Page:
This book is quite unlike any I have read in recent times. Though, of course, the river as a metaphor for ceaselessly flowing time as also a cradle of civilisation is not a new literary device.
There have been books written on a grand, epic scale about peoples and cultures linked to rivers — such as Mikhail Sholokhov’s And Quiet Flows the Don or Qurratulain Hyder’s Aag Ka Darya (The River of Fire) — and about journeys from one river to another signifying journeys across civilisations, such as Conrad’s Heart of Darkness . But none can match the scale and magnitude, the erudition and fine detail, the sheer sweep of terrain and ideas of Rahul Sankrityayan’s Hindi classic Volga se Ganga.
(Stay up to date on new book releases, reviews, and more with The Hindu On Books newsletter. Subscribe here. )
Born Kedarnath Pandey in a modest home in Azamgarh, Sankrityayan took the name by which he is known when he embraced Buddhism in Sri Lanka after a brief dalliance with the Arya Samaj. Forever the traveller (he liked to use the Hindi word ghumakkar ), he journeyed across vast expanses of lands and civilisations, imbibing new ideas and philosophies, translating, writing memoirs, philosophical treatises, biographies, fiction, even science fiction.
Written during 1940-42 — by when he had been sufficiently impressed by Marxist ideals to join the Communist Party of India and was taking a brief, albeit forced, respite from his travels, interned as he was first at Hazaribagh Jail and then at Deoli by the British government — Volga se Ganga became an instant bestseller and was soon translated into several languages. All of Sankrityayan’s vast and varied reading over the years, his prodigious recall of names and places and his phenomenal imagination come together in this book.
River of time
Spanning 8,000 years of human history, it takes the longue durée approach to ‘narrativising’ history. The waves of transcontinental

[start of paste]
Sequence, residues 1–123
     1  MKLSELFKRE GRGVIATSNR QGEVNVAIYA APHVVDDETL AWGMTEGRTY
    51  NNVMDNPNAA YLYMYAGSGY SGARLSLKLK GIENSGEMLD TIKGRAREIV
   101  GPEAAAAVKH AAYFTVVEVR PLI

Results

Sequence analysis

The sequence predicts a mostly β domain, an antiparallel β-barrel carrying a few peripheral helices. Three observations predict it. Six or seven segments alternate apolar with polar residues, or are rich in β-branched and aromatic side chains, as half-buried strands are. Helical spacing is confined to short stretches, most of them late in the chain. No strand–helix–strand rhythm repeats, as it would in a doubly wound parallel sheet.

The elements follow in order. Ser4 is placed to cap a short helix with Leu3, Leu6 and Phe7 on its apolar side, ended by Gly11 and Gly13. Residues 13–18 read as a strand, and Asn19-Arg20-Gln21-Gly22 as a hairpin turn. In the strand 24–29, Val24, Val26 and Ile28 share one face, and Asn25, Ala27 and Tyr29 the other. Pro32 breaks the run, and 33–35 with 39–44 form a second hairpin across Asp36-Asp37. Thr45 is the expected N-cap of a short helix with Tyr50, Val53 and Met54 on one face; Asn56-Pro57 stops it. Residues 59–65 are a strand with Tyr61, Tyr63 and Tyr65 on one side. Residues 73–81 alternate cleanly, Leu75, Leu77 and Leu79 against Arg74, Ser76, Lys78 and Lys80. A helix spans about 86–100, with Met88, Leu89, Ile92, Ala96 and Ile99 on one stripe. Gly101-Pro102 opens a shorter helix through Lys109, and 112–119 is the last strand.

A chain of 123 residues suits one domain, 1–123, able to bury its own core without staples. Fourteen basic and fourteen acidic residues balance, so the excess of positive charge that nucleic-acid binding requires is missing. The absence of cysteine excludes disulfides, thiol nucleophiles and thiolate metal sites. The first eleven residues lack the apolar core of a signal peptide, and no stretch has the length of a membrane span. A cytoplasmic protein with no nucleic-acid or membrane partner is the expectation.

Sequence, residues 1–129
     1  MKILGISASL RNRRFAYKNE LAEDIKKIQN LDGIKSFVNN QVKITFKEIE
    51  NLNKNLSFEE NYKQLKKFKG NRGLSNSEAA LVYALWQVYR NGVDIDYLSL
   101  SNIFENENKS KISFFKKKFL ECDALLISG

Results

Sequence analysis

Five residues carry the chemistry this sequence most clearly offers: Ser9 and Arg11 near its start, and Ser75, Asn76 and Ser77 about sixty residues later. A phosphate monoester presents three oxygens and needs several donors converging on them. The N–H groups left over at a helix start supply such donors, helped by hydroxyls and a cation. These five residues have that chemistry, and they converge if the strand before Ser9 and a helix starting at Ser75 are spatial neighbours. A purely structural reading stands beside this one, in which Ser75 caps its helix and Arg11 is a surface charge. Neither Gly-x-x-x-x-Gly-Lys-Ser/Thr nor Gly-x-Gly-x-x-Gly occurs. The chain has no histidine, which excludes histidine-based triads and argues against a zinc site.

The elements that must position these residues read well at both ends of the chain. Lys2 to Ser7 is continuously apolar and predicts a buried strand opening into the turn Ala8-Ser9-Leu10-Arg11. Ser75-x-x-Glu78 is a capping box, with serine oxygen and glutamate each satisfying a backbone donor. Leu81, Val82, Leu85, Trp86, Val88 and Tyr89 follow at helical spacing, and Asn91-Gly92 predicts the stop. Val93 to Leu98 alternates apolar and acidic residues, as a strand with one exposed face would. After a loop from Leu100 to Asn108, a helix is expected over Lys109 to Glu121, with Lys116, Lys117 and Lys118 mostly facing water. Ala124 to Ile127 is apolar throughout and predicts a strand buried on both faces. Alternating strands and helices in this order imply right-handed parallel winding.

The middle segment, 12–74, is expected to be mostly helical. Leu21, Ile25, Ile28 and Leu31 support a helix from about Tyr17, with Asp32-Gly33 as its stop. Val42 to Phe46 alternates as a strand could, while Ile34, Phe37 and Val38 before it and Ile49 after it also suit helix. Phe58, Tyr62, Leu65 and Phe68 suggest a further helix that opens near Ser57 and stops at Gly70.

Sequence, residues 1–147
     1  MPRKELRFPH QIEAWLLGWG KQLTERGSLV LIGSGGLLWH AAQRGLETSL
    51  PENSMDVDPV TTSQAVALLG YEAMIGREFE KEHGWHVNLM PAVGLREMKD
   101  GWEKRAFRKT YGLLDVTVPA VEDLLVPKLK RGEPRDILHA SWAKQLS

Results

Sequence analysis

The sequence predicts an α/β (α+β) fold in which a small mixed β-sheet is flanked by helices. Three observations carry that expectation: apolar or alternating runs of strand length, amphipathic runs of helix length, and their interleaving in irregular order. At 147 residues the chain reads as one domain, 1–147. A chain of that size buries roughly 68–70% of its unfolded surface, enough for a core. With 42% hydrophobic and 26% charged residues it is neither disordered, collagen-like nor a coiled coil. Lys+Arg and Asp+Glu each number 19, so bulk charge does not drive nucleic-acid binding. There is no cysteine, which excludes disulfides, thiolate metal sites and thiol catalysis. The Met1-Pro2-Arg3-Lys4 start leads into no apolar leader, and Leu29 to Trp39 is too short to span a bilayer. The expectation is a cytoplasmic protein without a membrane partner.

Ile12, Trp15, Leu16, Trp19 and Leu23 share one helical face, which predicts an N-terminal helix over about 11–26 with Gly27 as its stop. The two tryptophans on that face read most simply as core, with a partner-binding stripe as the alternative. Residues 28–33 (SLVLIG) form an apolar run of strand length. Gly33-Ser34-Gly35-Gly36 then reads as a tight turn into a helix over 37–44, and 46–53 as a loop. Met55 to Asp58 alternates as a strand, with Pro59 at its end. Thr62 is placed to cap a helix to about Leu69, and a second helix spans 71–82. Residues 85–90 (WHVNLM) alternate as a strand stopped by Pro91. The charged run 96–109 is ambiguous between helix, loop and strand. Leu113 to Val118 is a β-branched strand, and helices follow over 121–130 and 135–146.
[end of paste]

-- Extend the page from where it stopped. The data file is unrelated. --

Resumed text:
migration from the Eurasian landmass, from the Volga and the Oxus to the Indus, and subsequently the Ganga, as it travels across the breadth of the Indian subcontinent to meet the sea, are recorded in the form of 20 stories. Each story is named after a central character signifying an era.
The first story is located on the banks of the Upper Volga in 6,000 BCE, some 360 generations ago, when the survival of the fittest meant a mother drowning her daughter in a bid to retain power within her tribe. The last, dated 1942, is about Sumer, the son of a domestic worker, who sacrifices his life as a fighter pilot in the war of empires.
And so we travel down the river of time, holding the author’s hand, as he paints a panoramic view of history which is also rich in small details and wondrous sights, sounds, smells. Some characters are known to us through history books, others find mention in the Vedas , Upanishads and Buddhist treatises; but many are imaginary characters though they are perfectly rooted in their time and place. Not stories in the conventional sense, what emerges in these pages is a chronological series of vignettes of a recreated past.
High and low
Always a rationalist, Sankrityayan subjects all received knowledge to rigorous scrutiny, though it is distinctly coloured by his Marxist worldview. He talks of the breaking up of simple Aryan societies into families, the division between ‘high’ and ‘low’, ruler and the ruled, creation of organised religions, emergence of the varna system, delegation of women to an inferior position and, worst of all, the practice of slavery. The first milestone among the Vedic Aryans marking the emergence of a new order is when chiefs, kings or priests start living on the “labour of others without working themselves”. In ‘Pravahan’, located in 700 BCE, “ordinary people have been reduced to indigence” because of men who “play upon the pauperised masses — craftsmen, peasants and slaves” by telling them stories about karma and rebirth.
The English translation by V.G. Kiernan (first published in 1946) is built upon by Kanwal Dhaliwal. Maya Joshi’s excellent introduction and notes provide a valuable context for the modern reader possibly unaware of the author’s formidable reputation as a polymath and polyglot. So do the two fine essays by the Buddhist monk Bhadant Anand Kausalyayan and Comrade S.A. Dange, each in his own way providing a unique lens to view Mahapandit Rahul Sankrityayan. “I am large, I contain multitudes,” said Walt Whitman. It could well have been said of Sankrityayan. And of India.
From Volga to Ganga; Rahul Sankrityayan, trs Victor Gordon Kiernan, Kanwal Dhaliwal and edited by Kanwal Dhaliwal, Maya Joshi, LeftWord Books, ₹595
The reviewer is a writer, translator and literary historian .